Comparing our results against the first quarter of 2018, highlights of progress we've made to improve the performance profile of our business story of relatively challenging interest rate environment. Performance metrics include a strong net interest margin of 3.78%, improving 5 basis points compared to the prior year. Our core return on assets of 1.32%, well ahead of 1.19% in the first quarter of 2018. And the return on tangible common equity improved 39 basis points versus the prior year, reaching 14.46%.

From a balance sheet perspective, comparisons versus the prior year period are also helpful. We continue to strengthen the company's position by several key measures. We preserved a strong liquidity position with a loan-to-deposit ratio of 95%, build tangible book value per share, which increased 6% compared to the prior year, and increased the tangible common equity ratio by 42 basis points as compared to the prior year.

Asset quality remains a key focus as we consider the possibility of weaker economic conditions in the coming years. During the past few quarters, we've discussed our commitment to the credit risk management even when that commitment dampened that loan growth. That discipline is evident in our continuing low level of non-performing assets, which totaled just 28 basis points of total assets, and extremely modest net charge-offs which totaled just 3 basis points on NOI basis.

While we see no near-term threat to the current economic expansion, it is prudent to be prepared for a possible downside surprise. Over the coming quarters, our strategy is to drive further earnings growth by focusing on achieving the synergies planned to the Capital Bank acquisitions and by accessing continuous expansion markets as a source of additional loan growth.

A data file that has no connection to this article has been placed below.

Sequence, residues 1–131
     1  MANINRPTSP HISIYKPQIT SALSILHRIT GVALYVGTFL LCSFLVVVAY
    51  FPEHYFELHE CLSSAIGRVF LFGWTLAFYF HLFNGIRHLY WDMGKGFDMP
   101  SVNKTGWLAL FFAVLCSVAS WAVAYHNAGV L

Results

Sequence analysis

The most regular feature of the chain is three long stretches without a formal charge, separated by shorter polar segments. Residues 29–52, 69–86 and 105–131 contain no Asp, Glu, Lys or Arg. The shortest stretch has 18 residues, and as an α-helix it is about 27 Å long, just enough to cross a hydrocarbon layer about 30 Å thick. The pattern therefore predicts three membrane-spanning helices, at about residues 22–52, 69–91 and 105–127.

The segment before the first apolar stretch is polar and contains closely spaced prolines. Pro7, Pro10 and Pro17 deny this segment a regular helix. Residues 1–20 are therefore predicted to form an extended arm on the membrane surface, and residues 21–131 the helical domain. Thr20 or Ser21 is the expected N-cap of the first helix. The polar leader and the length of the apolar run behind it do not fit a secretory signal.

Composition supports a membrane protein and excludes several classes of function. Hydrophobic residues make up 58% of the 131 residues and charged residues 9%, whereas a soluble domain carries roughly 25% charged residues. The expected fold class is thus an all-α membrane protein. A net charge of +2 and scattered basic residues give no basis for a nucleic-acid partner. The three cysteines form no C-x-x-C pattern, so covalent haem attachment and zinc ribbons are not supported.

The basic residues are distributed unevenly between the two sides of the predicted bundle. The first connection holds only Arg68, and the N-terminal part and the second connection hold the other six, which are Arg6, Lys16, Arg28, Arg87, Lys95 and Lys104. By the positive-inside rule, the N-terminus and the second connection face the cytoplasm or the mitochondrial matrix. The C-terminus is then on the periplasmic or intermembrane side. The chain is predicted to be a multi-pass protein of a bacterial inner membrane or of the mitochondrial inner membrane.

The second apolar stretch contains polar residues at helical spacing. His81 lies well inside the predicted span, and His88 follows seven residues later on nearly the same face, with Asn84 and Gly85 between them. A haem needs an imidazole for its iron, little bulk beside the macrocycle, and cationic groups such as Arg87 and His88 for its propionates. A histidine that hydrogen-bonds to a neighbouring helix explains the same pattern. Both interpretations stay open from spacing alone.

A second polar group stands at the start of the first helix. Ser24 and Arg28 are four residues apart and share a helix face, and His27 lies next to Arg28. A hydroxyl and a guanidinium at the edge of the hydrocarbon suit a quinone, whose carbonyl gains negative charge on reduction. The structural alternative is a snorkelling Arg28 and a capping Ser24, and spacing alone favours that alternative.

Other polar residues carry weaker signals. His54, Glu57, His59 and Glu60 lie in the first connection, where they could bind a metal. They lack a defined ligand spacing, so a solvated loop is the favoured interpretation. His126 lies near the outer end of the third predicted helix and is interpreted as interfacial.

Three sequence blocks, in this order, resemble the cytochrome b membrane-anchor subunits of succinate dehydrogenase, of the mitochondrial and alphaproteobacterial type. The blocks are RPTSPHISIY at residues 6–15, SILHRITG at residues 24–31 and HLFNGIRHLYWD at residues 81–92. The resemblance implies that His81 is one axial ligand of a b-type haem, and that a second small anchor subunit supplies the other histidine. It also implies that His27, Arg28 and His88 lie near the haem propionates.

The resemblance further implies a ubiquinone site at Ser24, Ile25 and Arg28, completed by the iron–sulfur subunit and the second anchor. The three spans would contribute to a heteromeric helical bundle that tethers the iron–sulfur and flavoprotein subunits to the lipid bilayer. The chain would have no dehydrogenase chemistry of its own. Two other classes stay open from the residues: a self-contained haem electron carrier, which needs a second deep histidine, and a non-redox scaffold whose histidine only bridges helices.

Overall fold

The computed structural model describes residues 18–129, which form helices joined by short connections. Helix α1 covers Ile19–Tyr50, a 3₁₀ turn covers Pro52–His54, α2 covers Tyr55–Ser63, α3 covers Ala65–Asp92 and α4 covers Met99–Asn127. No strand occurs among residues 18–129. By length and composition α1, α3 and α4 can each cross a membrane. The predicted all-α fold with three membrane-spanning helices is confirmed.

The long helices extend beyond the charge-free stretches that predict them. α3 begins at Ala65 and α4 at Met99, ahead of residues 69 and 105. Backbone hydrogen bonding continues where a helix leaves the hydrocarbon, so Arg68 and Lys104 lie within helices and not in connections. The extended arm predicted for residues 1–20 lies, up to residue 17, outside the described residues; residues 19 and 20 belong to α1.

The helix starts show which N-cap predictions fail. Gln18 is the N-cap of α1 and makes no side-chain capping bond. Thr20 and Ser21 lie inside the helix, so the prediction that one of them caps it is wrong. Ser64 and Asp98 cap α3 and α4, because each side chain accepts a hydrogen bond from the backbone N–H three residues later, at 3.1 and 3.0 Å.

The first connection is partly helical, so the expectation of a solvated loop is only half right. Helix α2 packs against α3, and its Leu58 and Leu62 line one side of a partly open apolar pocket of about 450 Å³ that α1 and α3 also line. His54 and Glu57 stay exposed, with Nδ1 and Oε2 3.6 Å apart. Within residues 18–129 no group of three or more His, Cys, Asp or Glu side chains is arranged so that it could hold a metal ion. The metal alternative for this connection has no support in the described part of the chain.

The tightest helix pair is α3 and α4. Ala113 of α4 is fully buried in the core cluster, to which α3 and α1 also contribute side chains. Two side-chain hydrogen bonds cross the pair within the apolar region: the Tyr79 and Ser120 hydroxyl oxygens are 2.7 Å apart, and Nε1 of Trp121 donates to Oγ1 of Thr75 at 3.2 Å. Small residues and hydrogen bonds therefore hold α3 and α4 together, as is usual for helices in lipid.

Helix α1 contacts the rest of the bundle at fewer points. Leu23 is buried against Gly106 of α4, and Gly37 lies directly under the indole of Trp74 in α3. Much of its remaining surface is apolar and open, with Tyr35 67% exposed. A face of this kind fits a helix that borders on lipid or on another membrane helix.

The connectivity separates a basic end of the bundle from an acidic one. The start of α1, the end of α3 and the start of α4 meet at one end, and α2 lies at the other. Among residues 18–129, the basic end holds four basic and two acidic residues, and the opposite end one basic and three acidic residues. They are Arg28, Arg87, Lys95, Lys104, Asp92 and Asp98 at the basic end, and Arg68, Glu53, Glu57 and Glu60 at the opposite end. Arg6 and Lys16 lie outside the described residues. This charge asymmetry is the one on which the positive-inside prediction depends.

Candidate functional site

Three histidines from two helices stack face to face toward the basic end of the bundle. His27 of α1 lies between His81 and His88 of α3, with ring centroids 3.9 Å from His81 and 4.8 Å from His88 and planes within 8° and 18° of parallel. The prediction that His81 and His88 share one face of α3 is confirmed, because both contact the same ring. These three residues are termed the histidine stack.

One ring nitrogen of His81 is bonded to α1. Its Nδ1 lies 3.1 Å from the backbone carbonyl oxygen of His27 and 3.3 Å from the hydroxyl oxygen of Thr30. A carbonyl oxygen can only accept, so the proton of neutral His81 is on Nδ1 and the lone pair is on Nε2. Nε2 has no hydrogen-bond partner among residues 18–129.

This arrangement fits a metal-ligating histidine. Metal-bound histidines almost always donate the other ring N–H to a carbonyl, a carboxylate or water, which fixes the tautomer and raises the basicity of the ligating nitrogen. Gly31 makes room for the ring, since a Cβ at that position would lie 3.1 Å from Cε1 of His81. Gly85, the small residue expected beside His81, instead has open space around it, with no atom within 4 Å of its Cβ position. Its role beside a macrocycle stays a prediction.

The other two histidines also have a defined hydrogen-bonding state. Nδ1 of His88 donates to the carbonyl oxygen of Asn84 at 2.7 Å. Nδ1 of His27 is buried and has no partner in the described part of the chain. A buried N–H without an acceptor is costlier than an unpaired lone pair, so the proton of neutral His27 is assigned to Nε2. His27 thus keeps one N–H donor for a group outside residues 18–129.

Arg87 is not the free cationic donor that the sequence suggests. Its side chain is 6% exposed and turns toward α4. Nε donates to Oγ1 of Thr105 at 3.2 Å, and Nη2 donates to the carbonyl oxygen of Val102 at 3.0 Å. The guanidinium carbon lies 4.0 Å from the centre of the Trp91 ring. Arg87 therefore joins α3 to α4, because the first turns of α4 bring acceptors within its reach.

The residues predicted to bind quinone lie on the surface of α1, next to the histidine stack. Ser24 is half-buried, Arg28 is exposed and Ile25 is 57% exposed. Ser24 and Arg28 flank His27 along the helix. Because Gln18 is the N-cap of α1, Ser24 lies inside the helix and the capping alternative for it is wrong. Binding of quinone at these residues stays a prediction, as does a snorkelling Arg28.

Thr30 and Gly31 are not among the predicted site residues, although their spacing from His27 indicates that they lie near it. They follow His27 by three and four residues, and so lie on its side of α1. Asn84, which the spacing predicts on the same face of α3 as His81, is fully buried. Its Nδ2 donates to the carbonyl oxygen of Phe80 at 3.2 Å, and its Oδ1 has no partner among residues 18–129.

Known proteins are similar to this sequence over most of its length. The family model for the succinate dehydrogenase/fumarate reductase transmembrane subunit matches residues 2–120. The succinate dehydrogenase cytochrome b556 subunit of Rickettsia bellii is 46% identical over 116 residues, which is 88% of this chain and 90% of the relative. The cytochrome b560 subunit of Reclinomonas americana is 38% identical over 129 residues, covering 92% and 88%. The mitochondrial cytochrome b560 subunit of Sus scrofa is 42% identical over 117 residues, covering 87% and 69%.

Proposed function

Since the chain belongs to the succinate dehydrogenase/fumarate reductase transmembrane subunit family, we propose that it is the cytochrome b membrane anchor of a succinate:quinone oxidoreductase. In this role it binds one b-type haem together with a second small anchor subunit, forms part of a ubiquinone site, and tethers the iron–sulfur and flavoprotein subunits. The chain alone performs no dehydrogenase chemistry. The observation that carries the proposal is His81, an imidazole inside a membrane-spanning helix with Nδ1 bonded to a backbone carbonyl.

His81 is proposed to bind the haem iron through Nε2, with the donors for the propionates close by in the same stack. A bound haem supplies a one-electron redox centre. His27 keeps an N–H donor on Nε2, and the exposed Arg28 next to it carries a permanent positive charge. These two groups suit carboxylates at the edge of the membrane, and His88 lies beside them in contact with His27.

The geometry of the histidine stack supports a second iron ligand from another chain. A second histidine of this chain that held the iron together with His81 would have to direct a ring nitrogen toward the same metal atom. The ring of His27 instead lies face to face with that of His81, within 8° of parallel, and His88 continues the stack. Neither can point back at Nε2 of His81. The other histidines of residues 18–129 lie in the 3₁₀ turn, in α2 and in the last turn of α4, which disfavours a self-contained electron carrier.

The expansion markets of metropolitan Philadelphia and New York City are well-known to us and have been the source of limited lending activity over the past few years. Our knowledge of these markets and our methodical approach to expansion is consistent with our credit risk management discipline. Capitalizing on these expansion markets is a long-term strategy to build operating leverage to high quality and highly valuable organic growth. Our geographic position provides an advantage of operating an incredibly dense, economically diverse part stretching from metropolitan Philadelphia and metropolitan New York City. It's simply the largest most dense banking market in the United States.

During 2018, much of our focus was on the integration of Sun, and the completion of back office consolidations that impacted 100%. Completing these projects set the foundations into metropolitan areas from a position of strength. With that foundation which includes our now equally lower balance sheet, excellent liquidity and strong source of internally generated capital, we expect to be able to win market share from the largest commercial banks operating in those markets.

As a reminder, our annual shareholder meeting is scheduled for 6 p.m. on May 29. The shareholder meeting will be held at our administrative offices in Red Bank. This year, we're introducing a simultaneous webcast. We hope the added convenience of a webcast will encourage increased shareholder engagement.